Berkeley, Diageo and Whitbread cheer FTSE 100 towards pre-pandemic threshold

Graeme Evans
·2-min read

The shares revival driving the FTSE 100 index back towards the 7,000 threshold continued at pace today as investors piled into housebuilding and consumer-focused stocks.

Beneficiaries from the latest wave of global economic optimism included the top-flight building stock Berkeley Group and Smirnoff drinks giant Diageo, which rallied 2% to its highest level since before the start of the Covid-19 pandemic.

The move by the FTSE 100 index to the cusp of the 7,000 level for the first time in 14 months came as market sentiment was lifted by bumper profits figures from JPMorgan Chase and Goldman Sachs at the start of the first quarter earnings season in the US.

London’s FTSE 100 stood 41.90 points higher at 6,981.48, with Premier Inn owner Whitbread among the other top performing blue-chip stocks after SocGen analysts removed their “sell” recommendation and upped the bank’s price target to 3,888p.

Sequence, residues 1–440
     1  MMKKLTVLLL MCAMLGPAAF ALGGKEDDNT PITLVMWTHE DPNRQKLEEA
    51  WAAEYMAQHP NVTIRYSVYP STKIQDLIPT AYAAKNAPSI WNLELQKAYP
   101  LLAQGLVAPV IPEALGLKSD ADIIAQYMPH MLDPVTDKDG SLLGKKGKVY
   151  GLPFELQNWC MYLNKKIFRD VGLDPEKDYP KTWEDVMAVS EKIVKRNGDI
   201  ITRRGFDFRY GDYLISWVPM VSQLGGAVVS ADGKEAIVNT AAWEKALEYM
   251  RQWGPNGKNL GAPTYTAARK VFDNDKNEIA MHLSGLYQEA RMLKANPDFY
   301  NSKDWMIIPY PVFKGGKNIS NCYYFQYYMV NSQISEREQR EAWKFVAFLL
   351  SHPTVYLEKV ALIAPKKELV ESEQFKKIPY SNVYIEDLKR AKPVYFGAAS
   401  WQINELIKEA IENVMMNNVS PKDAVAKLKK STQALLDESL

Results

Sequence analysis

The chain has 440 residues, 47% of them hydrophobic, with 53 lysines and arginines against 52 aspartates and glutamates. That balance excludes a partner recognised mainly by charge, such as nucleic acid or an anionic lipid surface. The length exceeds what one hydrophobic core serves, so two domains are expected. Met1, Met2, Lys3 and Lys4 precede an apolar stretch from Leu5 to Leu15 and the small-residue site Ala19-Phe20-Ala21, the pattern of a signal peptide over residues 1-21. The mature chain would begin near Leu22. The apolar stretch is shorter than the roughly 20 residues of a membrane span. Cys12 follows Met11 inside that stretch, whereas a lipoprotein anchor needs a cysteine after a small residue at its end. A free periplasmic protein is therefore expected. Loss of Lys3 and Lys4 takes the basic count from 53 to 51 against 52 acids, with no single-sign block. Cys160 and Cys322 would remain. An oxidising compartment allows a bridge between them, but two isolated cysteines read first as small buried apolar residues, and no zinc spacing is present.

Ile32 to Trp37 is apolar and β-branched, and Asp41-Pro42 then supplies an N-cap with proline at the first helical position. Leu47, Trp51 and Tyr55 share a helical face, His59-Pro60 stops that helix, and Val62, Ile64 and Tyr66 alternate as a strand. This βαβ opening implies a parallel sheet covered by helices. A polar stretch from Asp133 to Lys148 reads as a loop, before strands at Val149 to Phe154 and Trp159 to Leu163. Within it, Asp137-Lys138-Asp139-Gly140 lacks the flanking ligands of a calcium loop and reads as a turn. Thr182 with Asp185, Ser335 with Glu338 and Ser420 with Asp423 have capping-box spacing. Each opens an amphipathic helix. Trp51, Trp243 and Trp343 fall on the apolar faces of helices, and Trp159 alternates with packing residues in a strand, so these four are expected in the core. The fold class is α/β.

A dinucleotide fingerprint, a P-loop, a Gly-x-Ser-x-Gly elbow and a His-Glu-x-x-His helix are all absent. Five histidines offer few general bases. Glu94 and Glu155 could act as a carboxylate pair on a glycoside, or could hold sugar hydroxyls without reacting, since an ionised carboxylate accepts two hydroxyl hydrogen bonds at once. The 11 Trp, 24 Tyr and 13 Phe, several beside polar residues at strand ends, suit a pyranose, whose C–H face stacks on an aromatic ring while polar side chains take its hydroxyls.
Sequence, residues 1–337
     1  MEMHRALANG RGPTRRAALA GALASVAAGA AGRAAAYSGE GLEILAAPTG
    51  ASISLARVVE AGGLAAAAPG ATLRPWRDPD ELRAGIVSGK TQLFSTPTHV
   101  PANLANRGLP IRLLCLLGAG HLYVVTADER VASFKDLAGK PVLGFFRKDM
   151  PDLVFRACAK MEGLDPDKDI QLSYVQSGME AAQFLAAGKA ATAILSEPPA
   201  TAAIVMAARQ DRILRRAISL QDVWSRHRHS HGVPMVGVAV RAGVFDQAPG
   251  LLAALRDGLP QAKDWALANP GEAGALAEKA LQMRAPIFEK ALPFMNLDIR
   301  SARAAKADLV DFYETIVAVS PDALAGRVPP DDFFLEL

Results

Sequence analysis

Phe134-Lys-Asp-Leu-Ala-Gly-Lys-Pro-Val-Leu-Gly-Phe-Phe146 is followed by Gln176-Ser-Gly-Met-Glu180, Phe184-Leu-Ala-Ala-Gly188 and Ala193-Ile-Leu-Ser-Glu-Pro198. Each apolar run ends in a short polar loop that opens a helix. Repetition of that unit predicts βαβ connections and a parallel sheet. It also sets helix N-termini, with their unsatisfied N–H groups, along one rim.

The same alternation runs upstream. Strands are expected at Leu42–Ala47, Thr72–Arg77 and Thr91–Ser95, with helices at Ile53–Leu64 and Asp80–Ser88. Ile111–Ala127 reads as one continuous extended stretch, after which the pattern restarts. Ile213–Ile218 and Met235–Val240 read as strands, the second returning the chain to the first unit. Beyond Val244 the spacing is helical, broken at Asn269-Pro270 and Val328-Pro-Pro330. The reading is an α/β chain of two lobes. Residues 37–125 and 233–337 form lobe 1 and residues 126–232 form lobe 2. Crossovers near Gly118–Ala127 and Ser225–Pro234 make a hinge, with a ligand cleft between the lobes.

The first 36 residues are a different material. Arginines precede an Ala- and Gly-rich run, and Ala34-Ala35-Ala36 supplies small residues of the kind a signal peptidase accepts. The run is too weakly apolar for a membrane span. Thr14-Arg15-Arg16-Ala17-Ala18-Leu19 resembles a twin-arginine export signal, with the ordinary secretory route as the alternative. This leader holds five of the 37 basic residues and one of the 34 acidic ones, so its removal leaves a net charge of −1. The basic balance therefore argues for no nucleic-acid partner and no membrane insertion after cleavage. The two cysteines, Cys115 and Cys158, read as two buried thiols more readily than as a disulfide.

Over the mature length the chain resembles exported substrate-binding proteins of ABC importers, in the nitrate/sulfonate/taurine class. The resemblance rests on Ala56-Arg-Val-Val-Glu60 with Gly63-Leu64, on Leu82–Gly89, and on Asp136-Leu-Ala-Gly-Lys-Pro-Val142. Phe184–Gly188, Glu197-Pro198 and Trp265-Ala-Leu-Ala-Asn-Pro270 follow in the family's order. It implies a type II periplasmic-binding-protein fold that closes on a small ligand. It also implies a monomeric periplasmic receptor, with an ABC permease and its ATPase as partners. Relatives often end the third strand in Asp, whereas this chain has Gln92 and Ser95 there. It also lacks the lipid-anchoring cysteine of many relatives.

Whitbread’s shares were lifted another 28p to 3,573p, meaning a rise of more than 70% since late October as the company looks well placed ahead of a staycation summer.

A broker upgrade and the read-across from a strong update by Wickes owner Travis Perkins also benefited shares in B&Q owner Kingfisher, which climbed 10.6p to 350.5p. B&M European Value Retail was another doing well in the top flight, 14.2p higher at 554p.

The re-opening trade and improved global appeal of UK shares following the removal of Brexit uncertainty meant the FTSE 250 index reached another record, climbing another 76.22 points to 22,431.67.

Housebuilder Crest Nicholson rose 2% or 9.4p to 424p while Games Workshop rallied 230p to 10,750p on the back of positive updates elsewhere in the retail sector. The fantasy war games business is worth £3.5 billion, some £500 million more than Marks & Spencer.

Elsewhere, the price of bitcoin fell back by 1% to $62,775 after a rollercoaster debut session for cryptocurrency exchange Coinbase on Wall Street.

The business was briefly valued at over $100 billion but shares fell back from their peak of $429 to eventually close at $328. Excitement ahead of the flotation has helped bitcoin reach fresh records in recent sessions.

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